Why Seadrill Ltd Stock Sank Today...Again

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Although we don't believe in timing the market or panicking over market movements, we do like to keep an eye on big changes -- just in case they're material to our investing thesis.

Once again, Seadrill stock is getting crushed, falling as much as 8% in today's trading. And, once again, the major drop doesn't correspond with a fall in earnings or any other company-specific news. Instead, it's a move driven by macro events and fear that they'll hurt earnings in the future. Here's how I think you should look at Seadrill now.

What's driving Seadrill lower
Like it or not, what's driving Seadrill in the short term is the price of oil. You can see below that the recent sell-off has corresponded closely with the fall in oil prices.

Brent Crude Oil Spot Price Chart

Brent Crude Oil Spot Price data by YCharts

For traders, the logic isn't completely flawed, it's just very short-sighted. If oil prices remain where they are today, or even fall further, it's likely that demand for offshore drilling rigs will wane, and dayrates and profits will suffer in the future.

But let's be clear that Seadrill's earnings haven't been bad so far in 2014, and there's still plenty to like in the company now and in the future.

Seadrill's offshore jack-up rig Offshore Defender. Image source: Seadrill.

So what should you do about it?
The reason I think the stock's drop recently is overdone is because it's overlooking the fact that Seadrill has one of the newest fleets in the industry and has long-term contracts for most of that fleet. The floaters Seadrill owns have 96% contract coverage for the remainder of this year, 80% next year, and 62% in 2016. In short, short-term oil price movements have little to do with the company's long-term earnings.

With that said, if oil prices remain low for the next few years then there's a lot to be worried about. But I don't think oil will stay low for long because big oil has already started to cut back on capital spending, and smaller shale producers need to have high prices to remain profitable.

The short-term picture looks bleak if you're looking just at oil prices but long-term Seadrill is in a strong strategic position if oil prices recover.

What to do now
The big question is whether you should be a buyer or seller of Seadrill stock today. It may be tough to stomach, but I think this is a time to buy because oil prices will rise long-term, and Seadrill is well positioned for long-term growth in the offshore market.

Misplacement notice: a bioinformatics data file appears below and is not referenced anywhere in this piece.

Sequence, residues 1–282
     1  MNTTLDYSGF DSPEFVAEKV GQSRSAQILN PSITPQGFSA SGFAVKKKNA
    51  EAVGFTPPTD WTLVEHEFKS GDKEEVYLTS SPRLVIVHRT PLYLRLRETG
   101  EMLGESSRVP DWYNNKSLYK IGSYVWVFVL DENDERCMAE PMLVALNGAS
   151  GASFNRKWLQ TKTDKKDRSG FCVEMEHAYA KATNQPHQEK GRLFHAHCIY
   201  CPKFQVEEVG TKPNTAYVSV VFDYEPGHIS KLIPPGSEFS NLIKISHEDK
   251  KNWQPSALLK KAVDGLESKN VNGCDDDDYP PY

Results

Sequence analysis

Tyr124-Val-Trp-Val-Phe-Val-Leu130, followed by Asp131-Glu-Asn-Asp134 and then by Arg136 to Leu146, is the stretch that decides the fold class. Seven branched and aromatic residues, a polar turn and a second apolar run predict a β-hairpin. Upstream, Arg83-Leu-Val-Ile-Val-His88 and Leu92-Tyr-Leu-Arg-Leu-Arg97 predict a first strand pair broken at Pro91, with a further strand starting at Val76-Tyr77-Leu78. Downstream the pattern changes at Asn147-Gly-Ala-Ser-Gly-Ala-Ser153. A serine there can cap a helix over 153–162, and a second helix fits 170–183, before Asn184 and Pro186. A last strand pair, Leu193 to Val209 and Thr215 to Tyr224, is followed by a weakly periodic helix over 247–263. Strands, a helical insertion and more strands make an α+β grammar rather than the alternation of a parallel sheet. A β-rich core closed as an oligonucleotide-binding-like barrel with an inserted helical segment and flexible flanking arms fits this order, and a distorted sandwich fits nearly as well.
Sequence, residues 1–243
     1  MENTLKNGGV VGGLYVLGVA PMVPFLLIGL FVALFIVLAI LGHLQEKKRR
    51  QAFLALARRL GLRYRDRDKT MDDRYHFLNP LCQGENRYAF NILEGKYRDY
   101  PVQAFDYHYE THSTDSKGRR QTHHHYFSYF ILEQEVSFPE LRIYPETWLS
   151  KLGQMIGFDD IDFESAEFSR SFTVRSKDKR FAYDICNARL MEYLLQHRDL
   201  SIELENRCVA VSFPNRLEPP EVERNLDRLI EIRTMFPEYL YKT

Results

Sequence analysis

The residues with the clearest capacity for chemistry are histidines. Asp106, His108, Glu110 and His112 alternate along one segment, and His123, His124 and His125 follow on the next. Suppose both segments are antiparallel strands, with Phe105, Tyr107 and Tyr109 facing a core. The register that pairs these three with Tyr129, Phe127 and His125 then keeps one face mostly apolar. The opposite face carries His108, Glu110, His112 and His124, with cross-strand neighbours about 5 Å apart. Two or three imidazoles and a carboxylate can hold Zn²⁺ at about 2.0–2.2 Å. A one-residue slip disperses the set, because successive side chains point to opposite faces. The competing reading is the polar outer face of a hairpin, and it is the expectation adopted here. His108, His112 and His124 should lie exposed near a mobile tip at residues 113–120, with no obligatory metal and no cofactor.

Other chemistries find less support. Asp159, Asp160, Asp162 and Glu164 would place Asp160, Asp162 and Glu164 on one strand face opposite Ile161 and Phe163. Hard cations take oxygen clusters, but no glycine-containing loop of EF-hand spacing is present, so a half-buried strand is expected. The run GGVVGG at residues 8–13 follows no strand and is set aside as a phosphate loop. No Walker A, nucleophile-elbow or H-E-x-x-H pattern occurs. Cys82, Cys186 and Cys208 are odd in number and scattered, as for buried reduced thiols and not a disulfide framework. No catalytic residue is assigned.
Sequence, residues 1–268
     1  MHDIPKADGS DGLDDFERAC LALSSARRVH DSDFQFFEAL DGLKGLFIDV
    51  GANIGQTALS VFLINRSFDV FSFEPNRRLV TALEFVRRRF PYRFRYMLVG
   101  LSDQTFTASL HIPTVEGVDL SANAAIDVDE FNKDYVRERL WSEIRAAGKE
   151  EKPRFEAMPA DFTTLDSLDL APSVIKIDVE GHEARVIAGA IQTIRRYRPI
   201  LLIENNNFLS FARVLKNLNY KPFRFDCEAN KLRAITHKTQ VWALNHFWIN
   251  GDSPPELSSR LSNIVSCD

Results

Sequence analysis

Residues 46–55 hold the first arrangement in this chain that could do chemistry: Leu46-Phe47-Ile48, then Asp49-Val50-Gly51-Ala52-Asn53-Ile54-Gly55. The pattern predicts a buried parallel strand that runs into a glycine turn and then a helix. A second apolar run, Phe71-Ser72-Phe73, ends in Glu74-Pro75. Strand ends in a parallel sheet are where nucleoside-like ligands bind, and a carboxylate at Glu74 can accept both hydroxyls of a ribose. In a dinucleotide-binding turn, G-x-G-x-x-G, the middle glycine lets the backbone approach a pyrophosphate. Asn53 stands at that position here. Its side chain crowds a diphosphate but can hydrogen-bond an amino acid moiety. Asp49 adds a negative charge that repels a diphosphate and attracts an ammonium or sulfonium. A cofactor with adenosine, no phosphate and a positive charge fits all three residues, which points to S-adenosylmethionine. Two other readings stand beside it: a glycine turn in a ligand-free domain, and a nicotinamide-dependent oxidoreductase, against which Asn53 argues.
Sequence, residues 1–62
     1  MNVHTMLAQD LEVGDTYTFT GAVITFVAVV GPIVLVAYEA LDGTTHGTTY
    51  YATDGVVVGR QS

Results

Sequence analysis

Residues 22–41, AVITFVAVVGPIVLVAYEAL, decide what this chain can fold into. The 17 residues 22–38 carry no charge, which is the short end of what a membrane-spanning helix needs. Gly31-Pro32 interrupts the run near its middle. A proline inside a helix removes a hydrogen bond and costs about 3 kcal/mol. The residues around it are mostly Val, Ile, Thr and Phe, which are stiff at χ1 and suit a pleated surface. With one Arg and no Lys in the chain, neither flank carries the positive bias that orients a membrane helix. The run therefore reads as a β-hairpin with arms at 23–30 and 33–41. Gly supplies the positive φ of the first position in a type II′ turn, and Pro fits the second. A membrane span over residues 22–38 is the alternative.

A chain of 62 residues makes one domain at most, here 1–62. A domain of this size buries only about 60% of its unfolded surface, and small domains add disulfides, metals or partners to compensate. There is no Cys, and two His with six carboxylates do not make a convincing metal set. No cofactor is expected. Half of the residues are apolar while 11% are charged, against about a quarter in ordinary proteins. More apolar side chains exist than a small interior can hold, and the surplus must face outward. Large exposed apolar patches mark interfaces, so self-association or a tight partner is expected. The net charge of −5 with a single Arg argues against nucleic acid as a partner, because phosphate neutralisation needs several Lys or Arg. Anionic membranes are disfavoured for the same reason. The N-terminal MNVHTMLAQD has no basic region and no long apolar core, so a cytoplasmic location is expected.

Even founder John Fredriksen gave investors an indication that he's in for the long haul by recently buying 2 million more shares of the stock.

Days like today can be tough to watch, but it's key to take a long-term approach to stocks like Seadrill. It has a lot going for it as long as oil prices recover in the next year or two. In the meantime, there's high contract coverage for the company's rigs, which will keep revenue coming, and management has flexibility in financing new rigs with its Seadrill Partners subsidiary.

The upside is just too high for Seadrill to be a sell now. There could be further downside, but I think the risk/reward is in investors' favor after the recent drop. But be prepared for volatility, because energy markets are moving dramatically everyday right now and often for no reason. That's unnerving, but it's also when long-term investors can make a fortune.

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The article Why Seadrill Ltd Stock Sank Today...Again originally appeared on Fool.com.

Travis Hoium manages an account that owns shares of Seadrill. The Motley Fool recommends Seadrill. The Motley Fool owns shares of Seadrill. Try any of our Foolish newsletter services free for 30 days. We Fools may not all hold the same opinions, but we all believe that considering a diverse range of insights makes us better investors. The Motley Fool has a disclosure policy.

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